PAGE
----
1. My recent improvised budget meal that has been an unqualified success 3 or 4 times in a row I now call "pork felix" . It's a version of veal or steak Oscar, with crab, asparagus, and hollandaise, but I substitute grilled pork tenderloin medallions marinated in Stubbs pork marinade, some nice long scissor-cut strips of snow crab, and fresh steamed asparagus, topped with hollandaise. It can be arranged so pretty on a plate with the asparagus and crab alternating as spokes from a hub of pork medallions, topped by drizzled hollandaise, that I dedicate the dinner plate for the presentation and serve sides and salads on separate plates. Thrifty, attractive, delicious, and fun.

                        7 Replies
                        1. re: Veggo

                          That sure does sound like cheaper ingredients, Veggo!

                          1. re: Sam Fujisaka

                            You beat me to it, Sam. I was thinking, god, if I leave out the crab asparagus, and hollandaise, I can serve beef tenderloin! '-)

                            1. re: Caroline1

                              Tease me if you will, Sam and C1, but for me it's a good beginning :)

                              1. re: Veggo

                                Can't speak for Sam, but I'm only jealous of your food budget! '-)

                          2. re: Veggo

                            Poor Veggo...no truffle oil.

                            1. re: Gio

                              Here's some math for you whippersnappers, to prove my point:
                              Pork Felix for 4 at Casa Veggo:

                              2 pork tenderloins 12.00
                              1/4 bottle Stubbs pork marinade 1.00
                              1 lb asparagus- on sale 1.99
                              1 lb snow crab 6.99
                              hollandaise ingredients 3.00
                              death-by-garlic caesar salad 5.00
                              drinkable white (18), red (22) 40.00
                              Felix dinner cost for 4 w/wine $69.98

                              beef filet oscar add'l cost 28.00 (2 lbs. beef filet @ 20/lb)
                              Oscar dinner cost for 4 w/wine $97.98 (Oscar 40% higher than Felix)

                              Further, I calculate the cost of filet Oscar for 4 at Bern's restaurant in Tampa, with 2 decent reds @ $70 ea., plus tax, tips, and valet, is $383.80.
                              Pork Felix dinner for 4 at Casa Veggo costs 18% of steak Oscar dinner at Bern's, and saves $313.82. Now how's that for thrift? More than enough to buy some truffle oil from marky's:)

                              1. re: Veggo

                                Well see, you Do have enough for truffle oil. 1.99 is a super price for the asparagus, btw.....they were twice that up here.

                          3. Porcini mushrooms added to any dish with white buttons.

                            1. In part to uptown jimmy:

                              Strain a can of Chef Boyardee ravioli over a bowl. When well drained, rinse/wash the ravioli (still in the strainer over the bowl) with about a quarter cup of white wine.

                              Mix the sauce and white wine in the bowl with a spritz of lemon juice, freshly ground pepper, and a bit of minced garlic. Reduce a bit.

                              Using a small syringe, inject each (rinsed) ravioli with a bit of concentrated home-made beef stock and nuke.

                              Place a few of the injected ravs on a heated large flat-ish bowl; pour on a bit of the sauce; sprinkle a bit of finely ground Pec Rom or similar and some finely chopped chives.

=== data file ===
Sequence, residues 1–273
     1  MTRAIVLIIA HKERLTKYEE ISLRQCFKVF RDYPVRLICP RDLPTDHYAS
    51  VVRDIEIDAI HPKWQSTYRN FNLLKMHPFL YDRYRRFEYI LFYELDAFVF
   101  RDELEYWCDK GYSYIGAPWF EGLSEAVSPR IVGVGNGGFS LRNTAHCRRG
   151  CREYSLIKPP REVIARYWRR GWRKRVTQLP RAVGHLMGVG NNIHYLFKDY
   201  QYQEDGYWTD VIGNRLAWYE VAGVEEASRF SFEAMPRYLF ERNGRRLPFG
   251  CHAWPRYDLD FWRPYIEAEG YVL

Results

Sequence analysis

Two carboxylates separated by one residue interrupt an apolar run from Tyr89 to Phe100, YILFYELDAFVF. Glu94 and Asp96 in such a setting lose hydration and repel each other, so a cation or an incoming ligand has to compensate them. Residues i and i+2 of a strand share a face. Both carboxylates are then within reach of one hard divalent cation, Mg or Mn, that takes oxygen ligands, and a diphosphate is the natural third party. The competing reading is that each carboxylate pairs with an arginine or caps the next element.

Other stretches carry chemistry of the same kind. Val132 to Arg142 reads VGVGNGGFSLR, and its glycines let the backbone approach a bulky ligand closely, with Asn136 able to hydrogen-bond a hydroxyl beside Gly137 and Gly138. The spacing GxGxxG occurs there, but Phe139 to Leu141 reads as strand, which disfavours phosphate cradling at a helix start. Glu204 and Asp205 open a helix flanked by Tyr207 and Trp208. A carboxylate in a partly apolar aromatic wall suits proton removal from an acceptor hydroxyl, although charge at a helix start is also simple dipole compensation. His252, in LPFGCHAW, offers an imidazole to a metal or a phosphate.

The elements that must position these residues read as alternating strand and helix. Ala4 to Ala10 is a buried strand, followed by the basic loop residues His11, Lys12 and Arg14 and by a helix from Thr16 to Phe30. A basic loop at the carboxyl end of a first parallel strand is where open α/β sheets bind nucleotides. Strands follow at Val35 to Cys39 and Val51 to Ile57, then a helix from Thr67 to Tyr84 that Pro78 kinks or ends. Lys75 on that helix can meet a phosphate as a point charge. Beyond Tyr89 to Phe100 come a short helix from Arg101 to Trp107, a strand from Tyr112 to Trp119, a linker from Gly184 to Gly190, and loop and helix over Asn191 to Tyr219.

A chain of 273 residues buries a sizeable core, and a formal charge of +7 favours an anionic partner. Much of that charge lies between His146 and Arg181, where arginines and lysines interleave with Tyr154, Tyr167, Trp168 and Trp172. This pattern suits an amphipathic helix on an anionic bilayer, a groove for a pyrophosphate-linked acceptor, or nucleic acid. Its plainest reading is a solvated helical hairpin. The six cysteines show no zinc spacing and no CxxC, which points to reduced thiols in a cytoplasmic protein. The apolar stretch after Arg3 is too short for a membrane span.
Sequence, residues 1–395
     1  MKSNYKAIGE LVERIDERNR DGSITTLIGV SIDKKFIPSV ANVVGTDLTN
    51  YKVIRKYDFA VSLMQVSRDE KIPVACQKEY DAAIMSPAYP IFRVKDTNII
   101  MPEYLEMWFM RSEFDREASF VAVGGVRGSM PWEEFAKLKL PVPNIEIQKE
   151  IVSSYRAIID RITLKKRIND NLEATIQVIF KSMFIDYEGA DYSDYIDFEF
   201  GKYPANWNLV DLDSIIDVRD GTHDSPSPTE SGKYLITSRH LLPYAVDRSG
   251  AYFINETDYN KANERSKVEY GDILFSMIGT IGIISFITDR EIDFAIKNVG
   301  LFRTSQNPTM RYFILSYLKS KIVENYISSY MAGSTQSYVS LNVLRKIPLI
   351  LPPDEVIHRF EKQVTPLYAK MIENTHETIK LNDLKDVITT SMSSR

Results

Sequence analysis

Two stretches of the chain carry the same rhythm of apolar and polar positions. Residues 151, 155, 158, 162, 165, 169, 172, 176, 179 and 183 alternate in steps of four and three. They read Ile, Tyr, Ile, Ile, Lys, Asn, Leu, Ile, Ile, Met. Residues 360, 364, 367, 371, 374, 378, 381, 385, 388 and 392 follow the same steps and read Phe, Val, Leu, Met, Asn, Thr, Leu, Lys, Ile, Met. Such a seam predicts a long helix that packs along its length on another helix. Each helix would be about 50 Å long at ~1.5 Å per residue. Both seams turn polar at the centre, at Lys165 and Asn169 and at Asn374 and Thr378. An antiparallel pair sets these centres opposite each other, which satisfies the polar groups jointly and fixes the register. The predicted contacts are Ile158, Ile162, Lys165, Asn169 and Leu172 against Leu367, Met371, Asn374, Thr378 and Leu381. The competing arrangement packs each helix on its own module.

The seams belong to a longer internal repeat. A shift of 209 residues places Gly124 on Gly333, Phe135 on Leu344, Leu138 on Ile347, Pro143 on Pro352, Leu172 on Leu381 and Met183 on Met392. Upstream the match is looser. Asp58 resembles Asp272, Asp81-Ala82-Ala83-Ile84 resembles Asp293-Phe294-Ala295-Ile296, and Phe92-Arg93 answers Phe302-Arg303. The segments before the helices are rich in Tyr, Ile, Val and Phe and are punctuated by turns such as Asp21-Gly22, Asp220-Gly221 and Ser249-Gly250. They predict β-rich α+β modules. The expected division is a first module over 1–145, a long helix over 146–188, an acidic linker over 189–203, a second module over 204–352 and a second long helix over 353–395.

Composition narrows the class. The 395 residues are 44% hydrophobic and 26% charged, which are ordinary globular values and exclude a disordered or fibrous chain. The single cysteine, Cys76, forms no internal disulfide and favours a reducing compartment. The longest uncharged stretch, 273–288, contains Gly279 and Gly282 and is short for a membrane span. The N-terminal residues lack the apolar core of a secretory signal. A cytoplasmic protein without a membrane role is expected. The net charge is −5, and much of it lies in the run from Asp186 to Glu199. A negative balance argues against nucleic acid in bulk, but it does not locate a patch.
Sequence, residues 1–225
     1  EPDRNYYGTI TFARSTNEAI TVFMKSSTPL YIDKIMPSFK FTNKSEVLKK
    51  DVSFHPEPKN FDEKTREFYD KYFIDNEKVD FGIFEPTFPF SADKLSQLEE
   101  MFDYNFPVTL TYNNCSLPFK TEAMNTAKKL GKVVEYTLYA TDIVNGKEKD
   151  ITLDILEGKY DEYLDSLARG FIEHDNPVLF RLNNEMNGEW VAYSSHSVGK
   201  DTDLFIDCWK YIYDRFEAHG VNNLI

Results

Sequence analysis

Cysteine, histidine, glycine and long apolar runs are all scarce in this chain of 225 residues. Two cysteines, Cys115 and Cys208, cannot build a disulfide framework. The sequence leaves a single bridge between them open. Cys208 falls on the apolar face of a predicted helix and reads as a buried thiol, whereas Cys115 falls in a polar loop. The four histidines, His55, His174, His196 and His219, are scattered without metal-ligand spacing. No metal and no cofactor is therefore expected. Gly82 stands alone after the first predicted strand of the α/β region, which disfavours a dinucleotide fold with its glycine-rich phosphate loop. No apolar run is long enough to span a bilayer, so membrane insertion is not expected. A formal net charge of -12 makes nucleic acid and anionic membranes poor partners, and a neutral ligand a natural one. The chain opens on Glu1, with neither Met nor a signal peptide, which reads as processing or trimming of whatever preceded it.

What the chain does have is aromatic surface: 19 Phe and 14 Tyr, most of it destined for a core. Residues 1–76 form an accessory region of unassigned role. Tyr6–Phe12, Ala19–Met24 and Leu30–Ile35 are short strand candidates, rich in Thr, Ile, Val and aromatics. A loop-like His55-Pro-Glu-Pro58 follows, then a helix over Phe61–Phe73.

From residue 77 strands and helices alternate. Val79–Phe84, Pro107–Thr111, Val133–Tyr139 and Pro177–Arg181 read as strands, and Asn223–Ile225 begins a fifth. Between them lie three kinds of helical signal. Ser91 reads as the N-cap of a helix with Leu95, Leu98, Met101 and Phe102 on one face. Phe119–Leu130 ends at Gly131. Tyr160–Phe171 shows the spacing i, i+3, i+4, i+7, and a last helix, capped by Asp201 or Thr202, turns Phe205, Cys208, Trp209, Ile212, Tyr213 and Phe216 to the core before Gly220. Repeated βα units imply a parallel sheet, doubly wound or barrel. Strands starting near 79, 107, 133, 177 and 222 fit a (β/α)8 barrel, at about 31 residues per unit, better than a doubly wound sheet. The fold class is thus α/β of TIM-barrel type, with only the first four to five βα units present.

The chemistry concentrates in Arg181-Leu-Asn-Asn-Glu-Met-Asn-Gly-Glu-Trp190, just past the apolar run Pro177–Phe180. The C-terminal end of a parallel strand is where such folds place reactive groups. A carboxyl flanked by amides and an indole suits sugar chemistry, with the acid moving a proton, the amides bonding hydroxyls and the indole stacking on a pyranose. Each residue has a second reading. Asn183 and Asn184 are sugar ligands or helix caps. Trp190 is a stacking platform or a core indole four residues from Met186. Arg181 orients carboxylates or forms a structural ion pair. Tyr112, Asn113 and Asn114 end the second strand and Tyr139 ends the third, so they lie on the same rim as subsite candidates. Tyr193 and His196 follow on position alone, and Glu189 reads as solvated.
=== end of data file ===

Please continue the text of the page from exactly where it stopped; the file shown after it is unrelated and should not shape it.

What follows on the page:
Of course, I've never done this, but would bet this dish against any others in a fake-out cook off.

                              7 Replies
                              1. re: Sam Fujisaka


                                Is this some sort of Trailer Park Molecular Gastronomy? LOL!

                                1. re: fmed

                                  LOL!!!! You deserve an award, Sam! That is the most creative tweaking of Chef Boyardee I have ever heard!

                                  1. re: Mellicita

                                    That is blasphemy ! Je suis étonné ! Calisse !

                                2. re: Sam Fujisaka

                                  I would use an eyedropper to place one drop of truffle oil on each ravioli.

                                  1. re: Sam Fujisaka

                                    Sam, I thought you were going to say strain the can of Chef Boyardee, save the sauce, toss the ravioli, make your own ravioli using won ton skins whatever filling and you've got a winner. Works for me!

                                    1. re: Caroline1

                                      One could just use the can to concuss one's companion, and then feed them the undoctored contents ;) They will feel so lucky to be alive, they'll never notice the horrid canned pasta taste ...

                                    2. re: Sam Fujisaka

                                      To quote The Bass Player, as voiced by Bill Murray, from "Mr. Roberts and the Bass Player", a classic National Lampoon skit:

                                      "Das insane, you stupid."

                                    3. parmesan shavings
                                      toasted nuts
                                      fresh herbs
                                      sesame oil
                                      good quality olives
                                      caramelized onions
                                      artichoke hearts

                                      1. Salt Pork/Bacon/Pancetta/any kind of salt cured pork fat - pork fat is magic
                                        Smoke Dried Sausages - it has everything that cured pork has plus smoke